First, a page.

Ahmed RM, Newcombe REA, Piper AJ, Lewis SJ, Yee BJ, Kiernan MC, Grunstein RR (2016) Sleep disorders and respiratory function in amyotrophic lateral sclerosis. Sleep Med Rev 26:33–42. https://doi.org/10.1016/j.smrv.2015.05.007
Anderson KN, Hatfield C, Kipps C, Hastings M, Hodges JR (2009) Disrupted sleep and circadian patterns in frontotemporal dementia. Eur J Neurol 16:317–323. https://doi.org/10.1111/j.1468-1331.2008.02414.x
Ash PEA, Bieniek KF, Gendron TF, Caulfield T, Lin W-L, DeJesus-Hernandez M, Van Blitterswijk MM, Jansen-West K, Paul JW III, Rademakers R, Boylan KB, Dickson DW, Petrucelli L (2013) Unconventional translation of C9ORF72 GGGGCC expansion generates insoluble polypeptides specific to c9FTD/ALS. Neuron 77:639–646. https://doi.org/10.1016/j.neuron.2013.02.004
Balendra R, Isaacs AM (2018) C9orf72-mediated ALS and FTD: multiple pathways to disease. Nat Rev Neurol 14:544–558. https://doi.org/10.1038/s41582-018-0047-2
Braak H, Del Tredici K, Rüb U, de Vos RAI, Jansen Steur ENH, Braak E (2003) Staging of brain pathology related to sporadic Parkinson’s disease. Neurobiol Aging 24:197–211. https://doi.org/10.1016/S0197-4580(02)00065-9
Breen DP, Vuono R, Nawarathna U, Fisher K, Shneerson JM, Reddy AB, Barker RA (2014) Sleep and circadian rhythm regulation in early parkinson disease. JAMA Neurol 71:589–595. https://doi.org/10.1001/jamaneurol.2014.65
Brettschneider J, Del Tredici K, Toledo JB, Robinson JL, Irwin DJ, Grossman M, Suh E, Van Deerlin VM, Wood EM, Baek Y, Kwong L, Lee EB, Elman L, Mccluskey L, Fang L, Feldengut S, Ludolph AC, Lee VM, Braak H, Trojanowski JQ (2013) Stages of pTDP-43 pathology in amyotrophic lateral sclerosis. Ann Neurol 74:20–38. https://doi.org/10.1002/ana.23937
Brooks BR, Miller RG, Swash M, Munsat TL, For the World Federation of Neurology Research Group on Motor Neuron Diseases (2000) El Escorial revisited : revised criteria for the diagnosis of amyotrophic lateral sclerosis. Amyotroph Lateral Scler Other Motor Neuron Disord 1:293–299. https://doi.org/10.1080/146608200300079536
Congiu P, Mariani S, Milioli G, Parrino L, Tamburrino L, Borghero G, Defazio G, Pereira B, Fantini M, Puligheddu M (2019) Sleep cardiac dysautonomia and EEG oscillations in amyotrophic lateral sclerosis. Sleep 42. https://doi.org/10.1093/sleep/zsz164
Cykowski MD, Dickson DW, Powell SZ, Arumanayagam AS, Rivera AL, Appel SH (2019) Dipeptide repeat (DPR) pathology in the skeletal muscle of ALS patients with C9ORF72 repeat expansion. Acta Neuropathol 138:667–670. https://doi.org/10.1007/s00401-019-02050-8
Cykowski MD, Takei H, Schulz PE, Appel SH, Powell SZ (2014) TDP-43 pathology in the basal forebrain and hypothalamus of patients with amyotrophic lateral sclerosis. Acta Neuropathol Commun 2:171. https://doi.org/10.1186/s40478-014-0171-1
Dai J, Swaab DF, Buijs RM (1997) Distribution of vasopressin and vasoactive intestinal polypeptide (VIP) fibers in the human hypothalamus with special emphasis on suprachiasmatic nucleus efferent projections. J Comp Neurol 383:397–414. https://doi.org/10.1002/(sici)1096-9861(19970714)383:4<397::aid-cne1>3.0.co;2-y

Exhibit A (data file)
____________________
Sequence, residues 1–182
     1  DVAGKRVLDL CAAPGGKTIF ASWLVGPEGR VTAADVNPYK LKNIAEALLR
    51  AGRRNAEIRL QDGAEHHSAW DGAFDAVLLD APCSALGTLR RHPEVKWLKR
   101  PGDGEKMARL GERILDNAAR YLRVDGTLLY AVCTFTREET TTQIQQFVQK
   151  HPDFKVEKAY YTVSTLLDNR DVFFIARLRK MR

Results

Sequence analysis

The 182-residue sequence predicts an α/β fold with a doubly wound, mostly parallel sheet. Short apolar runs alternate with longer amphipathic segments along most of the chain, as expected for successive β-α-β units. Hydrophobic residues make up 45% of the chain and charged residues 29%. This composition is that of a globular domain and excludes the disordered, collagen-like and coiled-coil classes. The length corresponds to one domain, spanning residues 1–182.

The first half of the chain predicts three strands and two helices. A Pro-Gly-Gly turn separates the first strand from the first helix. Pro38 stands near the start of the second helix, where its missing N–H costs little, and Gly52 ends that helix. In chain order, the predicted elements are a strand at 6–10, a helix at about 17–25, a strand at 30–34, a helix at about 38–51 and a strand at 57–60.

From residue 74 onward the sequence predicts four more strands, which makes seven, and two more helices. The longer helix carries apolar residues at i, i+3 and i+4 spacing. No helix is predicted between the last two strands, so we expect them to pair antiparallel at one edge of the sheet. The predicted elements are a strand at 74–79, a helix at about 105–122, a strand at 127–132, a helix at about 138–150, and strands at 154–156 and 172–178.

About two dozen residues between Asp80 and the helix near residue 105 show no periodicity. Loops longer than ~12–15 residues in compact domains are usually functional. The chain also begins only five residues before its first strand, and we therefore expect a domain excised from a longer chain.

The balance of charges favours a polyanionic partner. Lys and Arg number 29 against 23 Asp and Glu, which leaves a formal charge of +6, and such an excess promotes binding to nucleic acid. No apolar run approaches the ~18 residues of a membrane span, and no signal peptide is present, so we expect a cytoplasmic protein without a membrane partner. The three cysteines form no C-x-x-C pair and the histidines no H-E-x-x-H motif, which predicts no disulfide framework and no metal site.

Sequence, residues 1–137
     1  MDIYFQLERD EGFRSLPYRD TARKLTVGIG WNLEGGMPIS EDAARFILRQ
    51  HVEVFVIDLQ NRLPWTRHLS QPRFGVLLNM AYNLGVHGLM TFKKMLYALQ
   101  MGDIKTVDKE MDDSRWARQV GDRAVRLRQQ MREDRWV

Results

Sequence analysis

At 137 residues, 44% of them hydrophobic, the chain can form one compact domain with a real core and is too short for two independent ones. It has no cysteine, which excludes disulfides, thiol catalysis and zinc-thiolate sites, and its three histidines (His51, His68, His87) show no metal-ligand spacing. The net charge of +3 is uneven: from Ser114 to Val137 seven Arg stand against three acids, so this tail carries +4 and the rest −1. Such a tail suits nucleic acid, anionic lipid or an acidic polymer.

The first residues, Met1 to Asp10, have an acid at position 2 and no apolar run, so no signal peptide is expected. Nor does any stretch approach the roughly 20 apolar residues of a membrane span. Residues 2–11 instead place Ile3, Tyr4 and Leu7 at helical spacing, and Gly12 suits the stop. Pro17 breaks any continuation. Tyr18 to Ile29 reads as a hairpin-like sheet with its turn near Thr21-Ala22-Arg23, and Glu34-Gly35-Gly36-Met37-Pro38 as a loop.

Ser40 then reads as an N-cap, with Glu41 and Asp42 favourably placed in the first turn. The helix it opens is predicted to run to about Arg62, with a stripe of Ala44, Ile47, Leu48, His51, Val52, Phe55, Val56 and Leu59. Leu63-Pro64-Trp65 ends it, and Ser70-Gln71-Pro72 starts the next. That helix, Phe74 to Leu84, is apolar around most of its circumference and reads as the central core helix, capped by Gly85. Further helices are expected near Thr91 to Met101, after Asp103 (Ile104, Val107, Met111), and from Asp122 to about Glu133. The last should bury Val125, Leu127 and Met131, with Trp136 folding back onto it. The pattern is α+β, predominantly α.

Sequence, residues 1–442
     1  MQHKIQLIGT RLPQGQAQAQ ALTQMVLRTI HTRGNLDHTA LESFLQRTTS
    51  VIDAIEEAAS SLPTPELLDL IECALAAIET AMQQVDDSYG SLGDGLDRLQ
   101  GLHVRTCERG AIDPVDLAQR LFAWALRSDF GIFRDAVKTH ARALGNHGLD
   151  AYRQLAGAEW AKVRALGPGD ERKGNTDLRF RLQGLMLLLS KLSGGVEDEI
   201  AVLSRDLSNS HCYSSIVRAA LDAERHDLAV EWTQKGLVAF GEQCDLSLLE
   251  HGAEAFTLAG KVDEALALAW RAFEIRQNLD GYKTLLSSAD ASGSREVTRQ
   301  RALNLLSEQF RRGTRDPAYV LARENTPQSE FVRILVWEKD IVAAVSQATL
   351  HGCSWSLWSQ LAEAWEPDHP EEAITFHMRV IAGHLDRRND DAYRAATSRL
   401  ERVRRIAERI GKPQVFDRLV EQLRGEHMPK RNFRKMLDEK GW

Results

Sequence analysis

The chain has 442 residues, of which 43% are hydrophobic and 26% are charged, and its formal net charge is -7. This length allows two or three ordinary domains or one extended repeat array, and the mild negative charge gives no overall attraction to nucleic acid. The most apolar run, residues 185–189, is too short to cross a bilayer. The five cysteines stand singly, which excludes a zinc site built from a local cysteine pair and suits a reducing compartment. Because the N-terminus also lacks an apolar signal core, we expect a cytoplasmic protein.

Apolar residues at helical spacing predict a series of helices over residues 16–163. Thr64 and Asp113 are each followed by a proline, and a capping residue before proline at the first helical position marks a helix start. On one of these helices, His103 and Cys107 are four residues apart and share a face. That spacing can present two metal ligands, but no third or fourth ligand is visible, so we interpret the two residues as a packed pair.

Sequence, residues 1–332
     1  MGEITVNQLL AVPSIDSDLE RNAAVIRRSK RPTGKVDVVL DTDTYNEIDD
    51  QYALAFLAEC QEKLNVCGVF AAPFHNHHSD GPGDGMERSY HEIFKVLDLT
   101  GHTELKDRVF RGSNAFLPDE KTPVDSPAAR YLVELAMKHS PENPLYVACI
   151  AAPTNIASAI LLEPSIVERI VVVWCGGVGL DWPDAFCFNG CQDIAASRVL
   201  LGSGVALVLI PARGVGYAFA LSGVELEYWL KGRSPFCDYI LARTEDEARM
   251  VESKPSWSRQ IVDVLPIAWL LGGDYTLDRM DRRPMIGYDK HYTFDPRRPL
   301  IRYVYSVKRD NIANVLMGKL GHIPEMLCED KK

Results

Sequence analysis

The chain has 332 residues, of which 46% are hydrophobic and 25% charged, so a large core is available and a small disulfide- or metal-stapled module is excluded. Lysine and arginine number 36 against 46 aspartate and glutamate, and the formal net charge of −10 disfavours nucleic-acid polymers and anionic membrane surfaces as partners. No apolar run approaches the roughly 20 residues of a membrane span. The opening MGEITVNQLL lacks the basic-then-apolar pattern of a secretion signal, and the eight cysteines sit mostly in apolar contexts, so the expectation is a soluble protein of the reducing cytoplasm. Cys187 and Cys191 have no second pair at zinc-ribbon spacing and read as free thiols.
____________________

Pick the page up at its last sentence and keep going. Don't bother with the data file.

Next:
Daoud H, Postuma RB, Bourassa CV, Rochefort D, Gauthier MT, Montplaisir J, Gagnon J, Arnulf I, Dauvilliers Y, Charley CM, Inoue Y, Sasai T, Högl B, Desautels A, Frauscher B, Cochen De Cock V, Rouleau GA, Dion PA (2014) C9orf72 repeat expansions in rapid eye movement sleep behaviour disorder. Can J Neurol Sci 41:759–762. https://doi.org/10.1017/cjn.2014.39
Davidson Y, Robinson AC, Liu X, Wu D, Troakes C, Rollinson S, Masuda-Suzukake M, Suzuki G, Nonaka T, Shi J, Tian J, Hamdalla H, Ealing J, Richardson A, Jones M, Pickering-Brown S, Snowden JS, Hasegawa M, Mann DMA (2016) Neurodegeneration in frontotemporal lobar degeneration and motor neurone disease associated with expansions in C9orf72 is linked to TDP-43 pathology and not associated with aggregated forms of dipeptide repeat proteins. Neuropathol Appl Neurobiol 42:242–254. https://doi.org/10.1111/nan.12292
de Carvalho M, Dengler R, Eisen A, England JD, Kaji R, Kimura J, Mills K, Mitsumoto H, Nodera H, Shefner J, Swash M (2008) Electrodiagnostic criteria for diagnosis of ALS. Clin Neurophysiol 119:497–503. https://doi.org/10.1016/j.clinph.2007.09.143
de Carvalho M, Swash M (2009) Awaji diagnostic algorithm increases sensitivity of El Escorial criteria for ALS diagnosis. Amyotroph Lateral Scler 10:53–57. https://doi.org/10.1080/17482960802521126
De Pablo-Fernández E, Courtney R, Warner TT, Holton JL (2018) A histologic study of the circadian system in Parkinson disease, multiple system atrophy, and progressive Supranuclear palsy. JAMA Neurol 75:1008–1012. https://doi.org/10.1001/jamaneurol.2018.0640
Debray S, Race V, Crabbé V, Herdewyn S, Matthijs G, Goris A, Dubois B, Thijs V, Robberecht W, Van Damme P (2013) Frequency of C9orf72 repeat expansions in amyotrophic lateral sclerosis: a belgian cohort study. Neurobiol aging 34:2890.e7-2890.e12. https://doi.org/10.1016/j.neurobiolaging.2013.06.009